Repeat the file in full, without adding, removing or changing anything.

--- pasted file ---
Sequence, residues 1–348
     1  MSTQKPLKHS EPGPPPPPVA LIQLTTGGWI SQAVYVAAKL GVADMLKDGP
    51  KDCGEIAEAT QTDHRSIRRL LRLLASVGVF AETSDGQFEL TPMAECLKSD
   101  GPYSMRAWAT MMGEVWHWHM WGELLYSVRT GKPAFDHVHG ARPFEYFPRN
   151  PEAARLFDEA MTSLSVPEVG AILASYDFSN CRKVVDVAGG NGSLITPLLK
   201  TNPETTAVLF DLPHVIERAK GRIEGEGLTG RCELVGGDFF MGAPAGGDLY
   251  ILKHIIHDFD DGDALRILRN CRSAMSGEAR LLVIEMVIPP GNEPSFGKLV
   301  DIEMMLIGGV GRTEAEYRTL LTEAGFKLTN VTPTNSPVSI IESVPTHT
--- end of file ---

Sequence, residues 1–348
     1  MSTQKPLKHS EPGPPPPPVA LIQLTTGGWI SQAVYVAAKL GVADMLKDGP
    51  KDCGEIAEAT QTDHRSIRRL LRLLASVGVF AETSDGQFEL TPMAECLKSD
   101  GPYSMRAWAT MMGEVWHWHM WGELLYSVRT GKPAFDHVHG ARPFEYFPRN
   151  PEAARLFDEA MTSLSVPEVG AILASYDFSN CRKVVDVAGG NGSLITPLLK
   201  TNPETTAVLF DLPHVIERAK GRIEGEGLTG RCELVGGDFF MGAPAGGDLY
   251  ILKHIIHDFD DGDALRILRN CRSAMSGEAR LLVIEMVIPP GNEPSFGKLV
   301  DIEMMLIGGV GRTEAEYRTL LTEAGFKLTN VTPTNSPVSI IESVPTHT